This is post #2 in the #RootCauseRacism series...

As we explore concepts like psychological safety and Diversity, Equity, Inclusion, and Accessibility (DEIA) in this blog post series, I’d like to kick things off with a look at some serious problem statements that we must address. I’m thankful for the organizations, including Value Capture clients, who aim to close these performance gaps in systematic and sustained ways.

In 2023, healthcare organizations face a number of serious problems. For one, patients continue to be harmed at unacceptably high rates, not because of “bad providers,” but as the result of preventable errors that are caused by process problems and miscommunications. 

Additionally, healthcare professionals are injured at rates far higher than in industries that are perceived as dangerous, such as mining or manufacturing, as the chart below (driven by OSHA data) shows:

For measures such as various types of patient harms (including pressure ulcers, falls, and hospital-acquired infections) — and employee injuries and lost workdays — we need to define the measurable gaps between current levels of performance and the theoretical limits — zero harm. It’s not just the averages that matter, but the variation. Nobody should get hurt at work, but how can we identify inequities in health outcomes and employee safety data, with the aim of providing equally safe conditions for all?

If organizations and their senior leaders cannot openly admit serious problems, like patient or employee harm, how can they expect healthcare professionals to speak up about the problems and causes of harm that they see and experience? 

If people are going to choose to use their voice, we need to eliminate the two primary barriers, as discussed by Ethan Burris, Ph.D. from the University of Texas at Austin: fear and futility. If people fear punishment, they won’t speak up. Even if the fear factor is reduced, people will stop speaking up if they think doing so isn’t worth the effort. 

Others will discuss this concept, and its practical implications, so let’s start with a definition of “psychological safety” to get us on the same page. Timothy R. Clark, Ph.D., author of The 4 Stages of Psychological Safety, defines it as:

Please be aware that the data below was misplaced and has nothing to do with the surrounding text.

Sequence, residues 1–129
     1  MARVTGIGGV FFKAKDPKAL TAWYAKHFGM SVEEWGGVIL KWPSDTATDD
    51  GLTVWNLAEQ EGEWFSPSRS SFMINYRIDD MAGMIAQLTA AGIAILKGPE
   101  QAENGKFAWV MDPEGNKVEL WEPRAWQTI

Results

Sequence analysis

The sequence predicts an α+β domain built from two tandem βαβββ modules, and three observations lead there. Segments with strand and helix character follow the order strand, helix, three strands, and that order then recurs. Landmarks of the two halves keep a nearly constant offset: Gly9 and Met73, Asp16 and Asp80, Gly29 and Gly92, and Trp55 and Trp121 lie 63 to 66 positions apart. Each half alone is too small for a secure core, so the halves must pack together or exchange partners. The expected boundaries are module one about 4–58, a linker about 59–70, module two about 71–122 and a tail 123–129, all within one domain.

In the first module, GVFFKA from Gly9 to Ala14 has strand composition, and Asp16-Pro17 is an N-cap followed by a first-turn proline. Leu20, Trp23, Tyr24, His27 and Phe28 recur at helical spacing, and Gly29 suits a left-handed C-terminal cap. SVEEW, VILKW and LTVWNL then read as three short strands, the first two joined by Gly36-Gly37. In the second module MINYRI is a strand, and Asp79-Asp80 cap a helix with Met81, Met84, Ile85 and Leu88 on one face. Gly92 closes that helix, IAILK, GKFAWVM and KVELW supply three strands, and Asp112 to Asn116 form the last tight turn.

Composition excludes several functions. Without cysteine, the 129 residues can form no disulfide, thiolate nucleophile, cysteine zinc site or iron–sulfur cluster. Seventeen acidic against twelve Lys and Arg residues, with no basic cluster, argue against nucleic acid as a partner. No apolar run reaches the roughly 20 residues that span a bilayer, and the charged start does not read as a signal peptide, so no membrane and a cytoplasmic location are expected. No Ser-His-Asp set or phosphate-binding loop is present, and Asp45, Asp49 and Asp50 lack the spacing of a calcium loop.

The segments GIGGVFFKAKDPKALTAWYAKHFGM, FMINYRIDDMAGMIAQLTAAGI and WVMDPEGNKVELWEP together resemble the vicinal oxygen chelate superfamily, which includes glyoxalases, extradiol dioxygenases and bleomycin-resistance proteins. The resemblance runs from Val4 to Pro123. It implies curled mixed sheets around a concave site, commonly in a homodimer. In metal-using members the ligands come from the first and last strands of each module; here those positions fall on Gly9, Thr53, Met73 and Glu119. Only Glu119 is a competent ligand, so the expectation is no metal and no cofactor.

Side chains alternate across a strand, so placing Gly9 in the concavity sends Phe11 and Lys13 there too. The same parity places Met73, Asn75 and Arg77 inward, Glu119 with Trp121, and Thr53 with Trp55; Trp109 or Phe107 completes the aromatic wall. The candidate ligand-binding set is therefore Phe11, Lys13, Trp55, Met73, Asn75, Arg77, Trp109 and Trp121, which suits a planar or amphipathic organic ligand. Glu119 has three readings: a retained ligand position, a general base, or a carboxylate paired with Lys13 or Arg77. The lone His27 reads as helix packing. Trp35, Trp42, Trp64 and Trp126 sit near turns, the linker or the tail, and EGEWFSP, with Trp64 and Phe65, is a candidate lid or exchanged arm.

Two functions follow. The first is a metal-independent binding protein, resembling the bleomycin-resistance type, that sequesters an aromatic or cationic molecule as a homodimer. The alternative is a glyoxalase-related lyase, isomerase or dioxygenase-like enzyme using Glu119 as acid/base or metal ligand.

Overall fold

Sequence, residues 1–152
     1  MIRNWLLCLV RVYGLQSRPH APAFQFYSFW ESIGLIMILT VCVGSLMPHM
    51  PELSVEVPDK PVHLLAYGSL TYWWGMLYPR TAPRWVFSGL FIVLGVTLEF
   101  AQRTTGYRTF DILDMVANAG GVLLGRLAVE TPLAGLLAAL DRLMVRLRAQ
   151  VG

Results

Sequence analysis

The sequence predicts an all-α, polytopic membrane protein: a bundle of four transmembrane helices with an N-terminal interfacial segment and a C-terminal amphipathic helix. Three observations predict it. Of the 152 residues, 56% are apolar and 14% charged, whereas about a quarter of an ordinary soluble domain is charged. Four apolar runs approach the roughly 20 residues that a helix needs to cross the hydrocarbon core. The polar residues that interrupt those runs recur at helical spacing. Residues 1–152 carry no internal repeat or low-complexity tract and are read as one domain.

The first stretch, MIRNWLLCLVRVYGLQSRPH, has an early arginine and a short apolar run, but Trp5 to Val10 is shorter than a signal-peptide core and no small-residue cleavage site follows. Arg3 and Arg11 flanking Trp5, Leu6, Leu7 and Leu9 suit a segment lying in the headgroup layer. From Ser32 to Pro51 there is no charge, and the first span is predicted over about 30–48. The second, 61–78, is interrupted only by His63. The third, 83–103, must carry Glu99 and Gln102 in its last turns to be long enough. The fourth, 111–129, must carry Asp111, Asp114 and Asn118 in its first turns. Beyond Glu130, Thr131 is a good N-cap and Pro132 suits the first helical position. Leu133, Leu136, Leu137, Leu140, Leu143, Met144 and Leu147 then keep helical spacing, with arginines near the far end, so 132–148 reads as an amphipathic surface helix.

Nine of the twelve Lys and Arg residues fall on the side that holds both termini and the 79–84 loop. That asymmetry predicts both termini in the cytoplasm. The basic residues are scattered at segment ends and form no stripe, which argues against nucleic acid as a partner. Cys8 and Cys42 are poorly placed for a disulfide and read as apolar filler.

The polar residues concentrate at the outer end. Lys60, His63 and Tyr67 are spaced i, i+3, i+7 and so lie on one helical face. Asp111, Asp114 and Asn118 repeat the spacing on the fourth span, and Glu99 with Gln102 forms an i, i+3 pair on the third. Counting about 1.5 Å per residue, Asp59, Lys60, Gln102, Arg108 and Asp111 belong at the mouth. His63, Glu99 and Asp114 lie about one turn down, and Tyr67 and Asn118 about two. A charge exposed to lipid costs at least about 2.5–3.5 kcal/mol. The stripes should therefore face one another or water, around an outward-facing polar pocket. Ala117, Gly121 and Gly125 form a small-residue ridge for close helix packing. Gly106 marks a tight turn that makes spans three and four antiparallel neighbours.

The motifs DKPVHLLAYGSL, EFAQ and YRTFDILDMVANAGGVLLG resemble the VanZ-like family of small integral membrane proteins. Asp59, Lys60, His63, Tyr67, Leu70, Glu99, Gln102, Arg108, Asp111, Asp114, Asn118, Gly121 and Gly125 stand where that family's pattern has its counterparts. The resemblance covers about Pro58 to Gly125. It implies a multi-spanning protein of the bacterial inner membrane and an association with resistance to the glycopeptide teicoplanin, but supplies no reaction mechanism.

“Psychological safety is a social condition in which you feel:

  • Included
  • Safe to learn
  • Safe to contribute
  • Safe to challenge the status quo

… all without fear of being embarrassed, marginalized, or punished in some way.”

You can take a deeper dive into psychological safety through this Value Capture resources page.

Research by Amy Edmondson, Ph.D., from Harvard Business School, has demonstrated that teams with the highest levels of psychological safety improve more and perform better — whether that’s within a tech company like Google or a healthcare organization. 

In healthcare teams, having a higher feeling of psychological safety means individuals are more likely to speak up about risks, problems, mistakes, near-misses, or harm. We cannot solve problems unless we know what they are. Speaking up about a near-miss means that future harm can be prevented.

When leaders can reduce fear, people will feel safer about speaking up. That’s the fear factor. That must be followed up with effective problem-solving, speaking up about a mistake means that it won’t be repeated. We reduce the futility factor, as well.  

How do leaders create conditions for people to feel psychologically safe? They cannot declare an organization, or some part of it, to be a “safe space;” they must demonstrate that it’s actually safe to speak up without the fear of (or the reality of) punishment. It’s neither fair nor effective to demand that healthcare professionals be brave or courageous, or that it’s their professional obligation to speak truth to power. 

When fear exists, people will protect themselves by choosing to stay silent. That’s their right and it’s understandable. That’s why leaders must work to reduce the level of risk — shifting from punishing those who speak up to instead rewarding and celebrating them for doing so. As Clark teaches, leaders set the tone through not just their words, but their actions. Those actions include two high-level countermeasures:

  • Modeling vulnerable acts
  • Rewarding vulnerable acts